Blue is a short wavelength color in the light spectrum. It is visible to the eye and produces a high amount of energy. Computerized devices, such as your smartphone, emit blue light.
This type of light can be damaging to the eyes, but it is unlikely to cause blindness directly. (Learn More)
Looking at a screen and exposing yourself to blue light before bed can disrupt your sleep. (Learn More) Being on your smartphone a lot can also lead to eye strain and dry eyes.
There is some evidence that blue light can have harmful effects on your eyes that could potentially accelerate macular degeneration and therefore blindness, but the risk is considered minimal. (Learn More)
To keep the eyes healthy, cut down on screen time, particularly before bed. (Learn More) You can also reduce eye strain and dry eyes by taking opportunities throughout the day to focus on things other than screens.
While the blue light from your smartphone is probably not going to make you go blind, it is still a good idea to minimize screen time to keep your eyes happy and healthy.
The Impact of Smartphones on Eyesight
Despite alarmist headlines that have claimed blue light from a smartphone can lead to blindness, this is unlikely to be true, the American Academy of Ophthalmology (AAO) explains.
Blue light is a particular wavelength of light on the vision spectrum that is short and therefore high in energy. It is typically created through artificial means, such as computers, televisions, tablets, and smartphones. It also occurs naturally in the form of sunlight. Screen time increases exposure to blue light.
Blue light is probably not going to make you go blind, but it still impacts your eyes and body.
Exposure to blue light before bed can disrupt your ability to fall asleep and throw off your circadian rhythms. Blue light suppresses your body's production of melatonin, a naturally occurring chemical that acts as a sleep aid. It can therefore make it harder to fall and stay asleep, Harvard Health publishes. Looking at your smartphone before bed can then disrupt your sleep patterns.
Screen time can lead to eye strain and dry eyes. Your eyes can feel gritty and tired after a lot of time spent staring at your smartphone's small screen. Smartphone use can also cause you to blink less often than you should, which can cause dry eyes.
Possible Risks of Blue Light on the Eyes
A study published in Scientific Reports examined the effects of blue light on the molecule retinal and its toxic harm to photoreceptor cells and damage to the retina. These photoreceptor cells do not regenerate after being destroyed. This kind of damage can accelerate macular degeneration, which is one of the top causes of blindness in the world.
While retinal does appear to have toxic effects on the eyes, the study does not offer indisputable proof that blue light and smartphone use will actually speed up or lead to blindness.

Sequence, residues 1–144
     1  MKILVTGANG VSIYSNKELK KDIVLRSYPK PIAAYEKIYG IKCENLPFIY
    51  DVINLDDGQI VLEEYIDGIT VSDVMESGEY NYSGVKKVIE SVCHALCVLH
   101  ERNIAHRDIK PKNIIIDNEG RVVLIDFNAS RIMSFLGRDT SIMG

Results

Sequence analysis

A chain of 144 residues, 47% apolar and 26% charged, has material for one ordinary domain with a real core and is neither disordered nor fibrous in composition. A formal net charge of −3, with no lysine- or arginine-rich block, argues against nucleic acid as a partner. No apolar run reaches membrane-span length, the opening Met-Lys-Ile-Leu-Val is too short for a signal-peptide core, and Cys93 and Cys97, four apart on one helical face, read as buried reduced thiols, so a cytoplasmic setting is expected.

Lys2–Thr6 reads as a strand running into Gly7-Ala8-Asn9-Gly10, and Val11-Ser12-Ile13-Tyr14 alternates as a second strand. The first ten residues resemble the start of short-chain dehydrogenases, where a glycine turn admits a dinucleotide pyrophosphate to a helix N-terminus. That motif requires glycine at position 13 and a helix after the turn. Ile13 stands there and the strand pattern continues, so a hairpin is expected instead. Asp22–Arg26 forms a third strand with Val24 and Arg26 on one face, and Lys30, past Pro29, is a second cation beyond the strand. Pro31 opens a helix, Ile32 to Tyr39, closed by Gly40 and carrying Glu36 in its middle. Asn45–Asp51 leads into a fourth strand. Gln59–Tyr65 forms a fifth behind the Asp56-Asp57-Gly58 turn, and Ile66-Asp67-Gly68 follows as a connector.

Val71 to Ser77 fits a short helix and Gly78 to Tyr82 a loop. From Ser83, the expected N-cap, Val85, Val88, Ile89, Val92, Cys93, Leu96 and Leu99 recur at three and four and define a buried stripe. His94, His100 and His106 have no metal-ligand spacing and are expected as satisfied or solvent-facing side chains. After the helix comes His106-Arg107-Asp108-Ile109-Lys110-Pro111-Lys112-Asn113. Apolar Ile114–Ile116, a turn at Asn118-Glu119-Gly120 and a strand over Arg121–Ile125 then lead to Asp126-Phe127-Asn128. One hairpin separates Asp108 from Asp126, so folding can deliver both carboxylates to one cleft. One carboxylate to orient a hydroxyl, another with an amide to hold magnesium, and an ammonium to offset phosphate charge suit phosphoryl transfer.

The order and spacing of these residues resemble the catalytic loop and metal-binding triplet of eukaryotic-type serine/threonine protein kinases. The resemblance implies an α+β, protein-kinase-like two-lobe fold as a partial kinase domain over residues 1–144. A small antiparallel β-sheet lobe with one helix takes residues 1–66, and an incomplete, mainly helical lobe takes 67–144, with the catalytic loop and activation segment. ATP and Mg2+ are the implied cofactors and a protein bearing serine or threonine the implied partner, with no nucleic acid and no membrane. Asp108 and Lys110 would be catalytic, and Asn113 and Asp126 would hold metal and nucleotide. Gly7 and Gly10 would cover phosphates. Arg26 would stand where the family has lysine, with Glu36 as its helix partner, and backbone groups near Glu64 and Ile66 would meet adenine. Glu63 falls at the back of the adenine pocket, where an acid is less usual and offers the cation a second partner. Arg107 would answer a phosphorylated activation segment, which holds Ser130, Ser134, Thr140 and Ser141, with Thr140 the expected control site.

The study was run in a lab and not on actual eyes, so the toxicity and potential for blindness from blue light is still not clear, Forbes explains.
Mitigating Visual Damage From Smartphones
There are several steps you can take to protect your eyes from potential damage from blue light and your smartphone. There are some special sunglasses that are reported to help block blue light and UV (ultraviolet) light from your eyes, but it isn't certain that they actually work.
Try the following to lower your risk and increase eye health:
- Put your phone down more often. Chances are you use your phone more often than you need to. Make a conscious effort to put it down more.
- Use the 20-20-20 rule. Every 20 minutes, look at least 20 feet away for a period of 20 seconds. This allows your eyes to rest and recover. It can prevent eye strain related to focusing on a screen.
- Stay off of your phone at least an hour or two before bed. Blue light and screens before bed can energize you and therefore keep you awake. Putting the phone away before bed can help you to sleep better.
- Limit light with smartphone features. Many smartphones now have features that help you decrease the amount of blue light they emit. Find out if yours has one of these features and use it.
Talk to your ophthalmologist about your eyes specifically, especially if you are experiencing eye strain or dry eyes. Be sure to mention the amount of screen time you have on a daily basis. Your doctor can offer suggestions for you individually that can increase eye health and mitigate possible damage.
No, Blue Light From Your Smart Phone Is Not Blinding You. (August 2018). American Academy of Ophthalmology (AAO).
Blue Light Has a Dark Side. (August 2018). Harvard Health.
Blue Light Excited Retinal Intercepts Cellular Signaling. (July 2018). Scientific Reports.
Blue Light Emitted by Smartphones and Laptops Accelerates Blindness by Making a Molecule in Our Eyes Toxic, According to a New Study. (August 2018). Business Insider.
Is Blue Light From Your Smart Phone Harmful to the Eyes? (August 2018). Forbes.